While such operations have frequently been mounted by the Indian and Pakistani Armies, this was the first such public claim and faced no pushback whatsoever from the UN. In mid-2018, the government also dismissed the first report by the Office of the UN High Commissioner for Human Rights on the situation on both sides of the border in Kashmir, accusing the High Commissioner of “individual bias”. And in February 2019, India announced that it carried out air strikes on a terror camp in Pakistan, after which the Pakistan Air Force dropped bombs over the LoC in Kashmir. Aside from warnings to keep the peace, the UN’s reaction was mild, and the UNMOGIP’s role non-existent.
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During this period, the ineffectiveness of the UN has been writ large over many other similar disputes. Russia’s control of Crimea has only strengthened since 2014 despite a UN General Assembly (UNGA) resolution, UNSC statements and a “package of measures”. When the U.S. decided, in 2017, to declare Jerusalem as Israel’s capital, it lost a vote in the UNGA, but suffered no real action as a consequence of changing the decades-old status quo. Neither has Israel, despite UN censure of the Gaza bombings, and settlements in the West Bank; nor has China changed after UNSC resolutions on Tibet and UNGA petitions on Xinjiang.
Finally, while “Modi’s vivendi” on Kashmir is aimed at his domestic base, it mirrors the prevailing trend of populism worldwide, much like the demonetisation decision in 2016 did: recapturing the national narrative, startling opponents with an unexpected move, and thrilling voters with forceful action. In his treatise “What is Populism?”, Princeton professor Jan-Werner Müller recounts how populist regimes frequently frame their actions as representing the will of the “real people”, a group they exclusively represent. By extension and example, those who dissent are deemed to be not “Real Poles” (prawdziwi Polacy) in Poland or “Real Hungarians” in Hungary. In the same vein was the retort by Turkish President Recep Tayyip Erdoğan to his opponents: “We are the people. Who are you?”
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In populist moves worldwide, such actions are “authorised by the people”, and therefore no blame accrues to the government if anything goes wrong. By contrast, says Müller, democratic accountability would actually mean that the burden is on the government to justify just how it uses its political judgment to ensure desired outcomes.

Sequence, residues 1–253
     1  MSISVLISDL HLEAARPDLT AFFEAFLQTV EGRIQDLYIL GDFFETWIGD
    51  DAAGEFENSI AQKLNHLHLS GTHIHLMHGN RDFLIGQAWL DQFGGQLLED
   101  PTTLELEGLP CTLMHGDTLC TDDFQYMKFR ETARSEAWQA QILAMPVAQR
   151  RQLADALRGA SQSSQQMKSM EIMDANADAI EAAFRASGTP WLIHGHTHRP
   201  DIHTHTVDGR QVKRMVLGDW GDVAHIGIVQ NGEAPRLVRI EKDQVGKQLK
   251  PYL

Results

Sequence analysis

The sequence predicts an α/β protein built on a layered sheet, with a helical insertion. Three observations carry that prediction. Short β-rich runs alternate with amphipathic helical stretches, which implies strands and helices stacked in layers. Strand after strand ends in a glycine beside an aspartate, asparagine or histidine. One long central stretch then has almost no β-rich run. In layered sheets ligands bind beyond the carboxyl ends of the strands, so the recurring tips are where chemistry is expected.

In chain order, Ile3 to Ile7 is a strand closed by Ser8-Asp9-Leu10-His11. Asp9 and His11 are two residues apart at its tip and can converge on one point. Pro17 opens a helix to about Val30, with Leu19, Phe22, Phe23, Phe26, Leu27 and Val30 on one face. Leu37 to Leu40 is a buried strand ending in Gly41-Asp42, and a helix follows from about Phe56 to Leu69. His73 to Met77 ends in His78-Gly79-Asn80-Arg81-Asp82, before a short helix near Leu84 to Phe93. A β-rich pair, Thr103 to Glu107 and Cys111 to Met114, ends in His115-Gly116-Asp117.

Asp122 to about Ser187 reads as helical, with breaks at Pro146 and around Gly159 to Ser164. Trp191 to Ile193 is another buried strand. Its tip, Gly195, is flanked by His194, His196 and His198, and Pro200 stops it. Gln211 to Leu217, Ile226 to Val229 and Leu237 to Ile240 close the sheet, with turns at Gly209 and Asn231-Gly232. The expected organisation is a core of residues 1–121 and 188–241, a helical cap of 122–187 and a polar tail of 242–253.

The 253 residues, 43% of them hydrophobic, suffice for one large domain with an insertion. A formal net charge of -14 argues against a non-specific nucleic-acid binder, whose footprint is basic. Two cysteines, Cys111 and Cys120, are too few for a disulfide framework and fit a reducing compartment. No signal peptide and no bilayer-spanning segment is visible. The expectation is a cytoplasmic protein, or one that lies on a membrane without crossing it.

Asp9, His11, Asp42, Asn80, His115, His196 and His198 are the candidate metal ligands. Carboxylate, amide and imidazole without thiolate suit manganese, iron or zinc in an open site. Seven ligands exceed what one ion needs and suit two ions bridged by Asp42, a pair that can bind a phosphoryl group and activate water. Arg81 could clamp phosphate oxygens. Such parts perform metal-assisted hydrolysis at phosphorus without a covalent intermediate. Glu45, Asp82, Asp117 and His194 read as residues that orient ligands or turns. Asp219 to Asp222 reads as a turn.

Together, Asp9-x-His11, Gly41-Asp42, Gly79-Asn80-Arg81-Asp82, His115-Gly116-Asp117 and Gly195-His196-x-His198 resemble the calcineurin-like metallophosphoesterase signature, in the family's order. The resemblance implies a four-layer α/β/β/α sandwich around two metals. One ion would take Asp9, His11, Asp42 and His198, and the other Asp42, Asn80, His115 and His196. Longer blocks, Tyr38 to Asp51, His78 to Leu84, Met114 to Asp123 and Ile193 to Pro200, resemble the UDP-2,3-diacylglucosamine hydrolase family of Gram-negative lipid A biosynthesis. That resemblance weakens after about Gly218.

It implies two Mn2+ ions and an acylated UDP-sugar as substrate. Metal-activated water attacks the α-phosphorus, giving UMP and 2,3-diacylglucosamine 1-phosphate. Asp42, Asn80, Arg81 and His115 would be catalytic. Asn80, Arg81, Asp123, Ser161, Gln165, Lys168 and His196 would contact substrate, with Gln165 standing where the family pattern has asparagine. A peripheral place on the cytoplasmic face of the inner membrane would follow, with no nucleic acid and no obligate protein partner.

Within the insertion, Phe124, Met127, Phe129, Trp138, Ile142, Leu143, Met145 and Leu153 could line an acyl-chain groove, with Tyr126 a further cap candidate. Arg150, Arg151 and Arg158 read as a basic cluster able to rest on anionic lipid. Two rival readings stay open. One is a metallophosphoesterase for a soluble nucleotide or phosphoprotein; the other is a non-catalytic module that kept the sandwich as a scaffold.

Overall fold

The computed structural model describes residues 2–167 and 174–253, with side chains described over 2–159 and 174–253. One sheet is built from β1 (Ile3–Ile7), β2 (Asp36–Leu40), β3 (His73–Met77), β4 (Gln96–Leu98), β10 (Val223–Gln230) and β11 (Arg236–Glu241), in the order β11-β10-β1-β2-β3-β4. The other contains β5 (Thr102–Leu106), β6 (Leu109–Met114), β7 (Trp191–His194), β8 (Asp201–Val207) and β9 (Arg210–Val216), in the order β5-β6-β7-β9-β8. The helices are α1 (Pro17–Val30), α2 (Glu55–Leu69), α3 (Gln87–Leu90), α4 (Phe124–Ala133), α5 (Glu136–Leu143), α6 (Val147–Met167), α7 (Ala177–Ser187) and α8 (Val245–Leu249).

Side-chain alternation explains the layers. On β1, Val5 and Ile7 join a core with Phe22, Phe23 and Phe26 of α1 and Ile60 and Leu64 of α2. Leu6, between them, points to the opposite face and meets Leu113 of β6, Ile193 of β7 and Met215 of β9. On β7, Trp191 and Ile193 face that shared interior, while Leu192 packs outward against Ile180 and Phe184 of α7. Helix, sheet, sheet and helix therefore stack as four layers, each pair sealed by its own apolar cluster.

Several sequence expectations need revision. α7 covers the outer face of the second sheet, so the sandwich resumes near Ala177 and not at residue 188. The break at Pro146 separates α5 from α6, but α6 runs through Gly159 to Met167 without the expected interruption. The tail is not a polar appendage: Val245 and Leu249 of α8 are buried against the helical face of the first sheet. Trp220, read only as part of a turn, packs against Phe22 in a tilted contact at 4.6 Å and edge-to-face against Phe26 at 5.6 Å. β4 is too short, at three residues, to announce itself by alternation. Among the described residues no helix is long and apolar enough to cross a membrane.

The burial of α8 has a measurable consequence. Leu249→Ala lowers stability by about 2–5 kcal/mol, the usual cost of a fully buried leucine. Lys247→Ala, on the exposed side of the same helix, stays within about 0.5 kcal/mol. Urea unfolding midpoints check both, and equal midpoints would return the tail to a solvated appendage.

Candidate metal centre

In the Kashmir case, the government’s actions, which have included the pouring in of troops, a clampdown on communications and the arrest of local leaders, have all been justified through the expressions of euphoria the decisions have elicited among its supporters nationwide. The populist assessment is that any negative consequences — violence in Kashmir, resistance in Jammu and Ladakh to the freeing up of property rights, for example, or the larger impact of worsening India-Pakistan ties on the Kartarpur corridor, Kulbhushan Jadhav’s fate, and trade and transport arrangements — will not hurt the government as they were authorised by “the will of the people”.
The prevailing narrative is that the government’s Kashmir decisions have finally allowed ‘Realpolitik’ to prevail over the woolly-headed idealism of the past that has not benefited the nation in all these years. Furthermore, an influx of investments and non-Kashmiri residents into the Valley will “normalise” it and usher in an age of prosperity. While the term Realpolitik is used today in a positive sense, it is important to remember the context in which its earliest proponent, Athenian general Thucydides introduced it, In the ‘History of the Peloponnesian War’; here he states: “Right, as the world goes, is only in question between equals in power, while the strong do what they can, the weak suffer what they must.”